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Tuesday, August 22, 2017

Grading on a Curve

Some kennels give owners doggie report cards to inform the owner how well (or poorly) the dog did at the kennel.  There is much I can say about this, but I will try hard to stay on point.  In the interest of full disclosure, this isn't something I've ever done at my kennel and there is no plan to adopt it.


Here's the report card Emmit and Matilda got after their stay at a local kennel when I was gone in the Spring.
Now I'm definitely not saying that the fine folks caring for my dogs were lying.  But I will say that I know my dogs.  I know kennels.  I know how my dogs act in kennels.

They are not A students.

Some owners ask me how their dog behaved while they were away, and I give them an accurate picture of the dog's behavior, especially if something is out of the ordinary.  Owners sometimes miss small changes in their dogs when it is minor and they see it day to day.  If I am familiar with the dog, the change stands out to me.  

What I generally skip in the conversation is "normal" dog behavior like jumping on me, resisting going back into their kennel run, or sticking their heads into another dog's food bag and sneaking a few bites.  When away from home, dogs aren't perfect.

I hope you are sitting down for this - I'm not perfect either.  I'm just as disappointed as you are.  It seems like I should be a spiritual giant but I see how often I fail.  I jump into conversations I shouldn't have, I resist changing my less desirable behaviors.  I eat what I shouldn't given the opportunity.  

We are far away from home too.  This world isn't the end.

None of the dogs I've owned were perfect.  But they were mine.  And if you belong to God, He isn't concerned with your behavior, He's concerned with your heart.

Forget about your perfectionism, your defeatism, and any other ism that crushes your spiritual soul.  All you need is Jesus, who is just waiting for your heart to return to the safest, most pure love  we can have, that frees us for abundant life here, and eternal life after.

Wednesday, August 16, 2017

I Will Go With You

This past weekend, a new dog came to the kennel for her first stay here.  She did very well, but she was very hesitant to go back in her kennel run.  This, of course, is not unusual.


Over the years, I've learned that taking a dog by the collar and forcing it doesn't work for many reasons.  Not only does it scare the dog, it's physically difficult.  What does work is to take the dog by the collar and walk into the kennel run with the dog.

Facing uncertainty alone can be scary.  If someone is by our side, it's not nearly as bad.  

Maybe today you need someone by your side.  Or maybe you need to be by the side of someone else.  Either way, we are showing the love of God, who promises to be with us, when we show up in person to face the fears. Sometimes we can't share our fears with another person.  Even then, we know our great God knows and walks by our side.

"Never will I leave you, never will I forsake you."
Hebrews 13:5 (NIV)

Saturday, August 5, 2017

Losing the Good Ones

Mid-May, I said goodbye to Emmit.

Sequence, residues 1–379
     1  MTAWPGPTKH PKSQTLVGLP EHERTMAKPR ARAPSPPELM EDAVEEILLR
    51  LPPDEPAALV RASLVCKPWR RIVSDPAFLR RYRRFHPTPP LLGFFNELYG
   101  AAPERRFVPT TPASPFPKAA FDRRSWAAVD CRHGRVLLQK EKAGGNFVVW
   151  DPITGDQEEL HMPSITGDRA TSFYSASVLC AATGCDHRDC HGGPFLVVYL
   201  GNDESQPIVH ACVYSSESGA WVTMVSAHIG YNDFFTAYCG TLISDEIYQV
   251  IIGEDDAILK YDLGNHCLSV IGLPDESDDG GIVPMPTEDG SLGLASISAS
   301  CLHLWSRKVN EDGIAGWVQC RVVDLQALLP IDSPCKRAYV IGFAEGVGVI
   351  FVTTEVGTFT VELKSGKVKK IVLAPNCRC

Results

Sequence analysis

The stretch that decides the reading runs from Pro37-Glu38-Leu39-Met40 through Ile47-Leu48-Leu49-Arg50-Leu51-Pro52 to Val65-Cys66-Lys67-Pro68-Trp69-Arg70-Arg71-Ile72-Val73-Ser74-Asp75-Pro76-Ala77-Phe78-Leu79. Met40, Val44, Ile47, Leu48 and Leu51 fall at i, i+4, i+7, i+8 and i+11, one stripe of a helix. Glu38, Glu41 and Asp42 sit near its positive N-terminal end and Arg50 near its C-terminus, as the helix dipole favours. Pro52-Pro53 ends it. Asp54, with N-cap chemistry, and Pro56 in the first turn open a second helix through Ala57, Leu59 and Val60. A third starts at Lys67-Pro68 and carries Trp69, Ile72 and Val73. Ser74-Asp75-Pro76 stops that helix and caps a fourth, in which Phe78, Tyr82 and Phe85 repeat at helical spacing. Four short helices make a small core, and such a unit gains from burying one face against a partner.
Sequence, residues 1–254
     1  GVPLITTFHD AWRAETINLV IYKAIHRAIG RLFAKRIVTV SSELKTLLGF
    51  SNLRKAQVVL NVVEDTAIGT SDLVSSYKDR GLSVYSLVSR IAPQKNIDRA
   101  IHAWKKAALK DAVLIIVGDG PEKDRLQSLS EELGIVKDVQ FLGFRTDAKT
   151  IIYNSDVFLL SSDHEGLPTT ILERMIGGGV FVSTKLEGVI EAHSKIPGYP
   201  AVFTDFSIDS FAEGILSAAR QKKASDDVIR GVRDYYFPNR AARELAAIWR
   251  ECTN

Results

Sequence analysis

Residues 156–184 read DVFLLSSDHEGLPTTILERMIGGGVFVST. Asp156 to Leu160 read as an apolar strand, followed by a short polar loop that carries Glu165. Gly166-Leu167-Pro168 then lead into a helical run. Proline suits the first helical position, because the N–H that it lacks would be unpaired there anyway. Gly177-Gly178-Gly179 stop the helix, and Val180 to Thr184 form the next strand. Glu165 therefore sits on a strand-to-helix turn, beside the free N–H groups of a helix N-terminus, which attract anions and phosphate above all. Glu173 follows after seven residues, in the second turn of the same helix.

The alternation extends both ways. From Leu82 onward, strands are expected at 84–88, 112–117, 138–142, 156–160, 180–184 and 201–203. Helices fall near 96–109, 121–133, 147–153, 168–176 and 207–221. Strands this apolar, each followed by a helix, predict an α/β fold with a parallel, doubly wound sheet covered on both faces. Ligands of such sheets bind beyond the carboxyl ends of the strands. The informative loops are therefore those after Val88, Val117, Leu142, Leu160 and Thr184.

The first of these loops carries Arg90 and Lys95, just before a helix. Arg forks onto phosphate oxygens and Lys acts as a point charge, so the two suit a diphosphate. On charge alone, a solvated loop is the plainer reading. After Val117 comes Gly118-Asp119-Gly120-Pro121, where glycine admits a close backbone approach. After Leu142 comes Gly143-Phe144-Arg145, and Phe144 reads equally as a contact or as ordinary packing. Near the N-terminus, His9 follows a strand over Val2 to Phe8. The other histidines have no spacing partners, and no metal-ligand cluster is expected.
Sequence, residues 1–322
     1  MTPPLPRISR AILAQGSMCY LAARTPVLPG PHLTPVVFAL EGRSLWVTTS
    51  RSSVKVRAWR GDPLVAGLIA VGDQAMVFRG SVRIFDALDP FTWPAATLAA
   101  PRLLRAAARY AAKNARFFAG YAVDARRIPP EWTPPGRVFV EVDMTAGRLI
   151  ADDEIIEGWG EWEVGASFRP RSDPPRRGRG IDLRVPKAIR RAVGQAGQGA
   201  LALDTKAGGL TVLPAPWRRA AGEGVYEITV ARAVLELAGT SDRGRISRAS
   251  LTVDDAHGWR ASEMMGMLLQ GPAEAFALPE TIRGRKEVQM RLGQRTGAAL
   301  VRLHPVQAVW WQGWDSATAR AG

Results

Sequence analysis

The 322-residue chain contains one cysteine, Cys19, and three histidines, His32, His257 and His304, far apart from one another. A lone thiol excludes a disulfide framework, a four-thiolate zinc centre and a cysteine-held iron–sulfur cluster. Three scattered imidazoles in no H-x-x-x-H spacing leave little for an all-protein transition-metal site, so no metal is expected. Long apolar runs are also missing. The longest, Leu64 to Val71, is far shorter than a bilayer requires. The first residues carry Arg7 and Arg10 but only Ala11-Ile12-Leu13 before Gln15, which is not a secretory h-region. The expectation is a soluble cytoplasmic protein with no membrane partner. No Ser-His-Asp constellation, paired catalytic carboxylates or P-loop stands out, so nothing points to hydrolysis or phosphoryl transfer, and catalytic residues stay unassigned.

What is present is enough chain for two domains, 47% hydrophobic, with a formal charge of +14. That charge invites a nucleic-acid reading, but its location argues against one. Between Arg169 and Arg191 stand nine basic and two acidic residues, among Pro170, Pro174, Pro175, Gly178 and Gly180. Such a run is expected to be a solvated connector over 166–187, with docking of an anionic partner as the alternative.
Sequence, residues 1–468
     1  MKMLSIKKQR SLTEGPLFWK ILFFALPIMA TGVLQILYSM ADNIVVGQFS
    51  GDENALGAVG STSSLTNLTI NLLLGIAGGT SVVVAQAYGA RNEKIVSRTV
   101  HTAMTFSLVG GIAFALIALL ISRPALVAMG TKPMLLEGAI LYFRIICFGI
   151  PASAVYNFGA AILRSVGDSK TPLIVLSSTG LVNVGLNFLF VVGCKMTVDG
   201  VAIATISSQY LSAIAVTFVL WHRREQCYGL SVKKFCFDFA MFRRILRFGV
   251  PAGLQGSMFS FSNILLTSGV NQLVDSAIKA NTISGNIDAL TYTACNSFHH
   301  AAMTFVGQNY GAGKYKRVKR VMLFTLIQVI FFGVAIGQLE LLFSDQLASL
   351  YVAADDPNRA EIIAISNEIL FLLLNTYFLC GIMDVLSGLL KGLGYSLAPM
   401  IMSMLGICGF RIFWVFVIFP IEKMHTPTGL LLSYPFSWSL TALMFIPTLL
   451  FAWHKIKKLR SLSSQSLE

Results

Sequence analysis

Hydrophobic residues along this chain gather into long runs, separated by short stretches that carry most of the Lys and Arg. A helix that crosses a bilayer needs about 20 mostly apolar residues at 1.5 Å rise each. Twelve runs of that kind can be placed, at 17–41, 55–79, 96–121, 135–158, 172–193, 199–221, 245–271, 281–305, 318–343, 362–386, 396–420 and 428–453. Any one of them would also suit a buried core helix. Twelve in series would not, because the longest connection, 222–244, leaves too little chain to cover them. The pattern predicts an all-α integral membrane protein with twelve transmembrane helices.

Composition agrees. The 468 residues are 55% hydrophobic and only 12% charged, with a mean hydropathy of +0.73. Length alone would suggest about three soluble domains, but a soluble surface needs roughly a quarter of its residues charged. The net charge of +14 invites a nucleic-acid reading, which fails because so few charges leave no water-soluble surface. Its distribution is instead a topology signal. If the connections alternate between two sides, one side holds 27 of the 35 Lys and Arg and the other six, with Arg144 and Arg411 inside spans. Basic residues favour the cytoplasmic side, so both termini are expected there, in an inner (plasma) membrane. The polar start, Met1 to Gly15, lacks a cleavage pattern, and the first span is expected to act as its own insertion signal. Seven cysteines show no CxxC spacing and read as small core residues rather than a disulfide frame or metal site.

This past Wednesday, I said goodbye to Franklin.
Emmit was around 13 years old, though he was in my home for only 18 months.  Frank was dumped here as a kitten, and was closing in on 14 years.  Emmit had a tough start in life, but he ended well.  Frank pretty much had a good life since he landed here.

Even though it seemed they lived a full life, their presence has been missed.  Another element that makes their loss a little more poignant is that they were, well, normal.

You see, the dogs and cats I've had since living in the country strongly resemble the Island of Misfit Toys.  If you don't know what I'm talking about, do a search and see.  I've had an abused dog that was so scared of everything it was an embarrassment.  At the same time, I had a three legged cat and not one but two other cats that had one eye.  And let's not forget Tilly, who, I can not stress enough, is the worst greeter of any dog ever.  

But Emmit was calm and good natured.  Frankie was mostly a dog-cat, greeting everyone, not intrusive.  Basically, my normal, likable pets are gone.

And while I feel their loss and illusion that my life is normal, if I'm honest, loving the difficult pets is not so different from loving the difficult people of our lives.  In fact, likely I am one of those difficult people.  And maybe you are too.  We don't really have a 100% likability rating (Sorry).  Maybe some of us can hide this better than others.  Maybe some of us really are more likable, but we all fall short.
In God's economy, there are no misfits, no land of unwanted toys.  We may view some people (never ourselves) as the lowest, trash, hopeless. 

But God's specialty are the ones others scorn (and even ourselves).  He even asks us to take care of them.  Who wants that job?  We are called to love the unlovable, because we're not always so lovable ourselves.  God hasn't banished us. When we run to Him, His arms are open, just waiting for us to finally figure out He's been there all along.

Having "just one dog and three cats" is ALMOST like an average pet owner number.  I haven't had this few pets in......I'm not sure how many years.  But I will pull in my flawed, four legged friends, brush aside their less charming traits, and continue to love them for however many years I may have with them.

I'll remember that God does the same with me.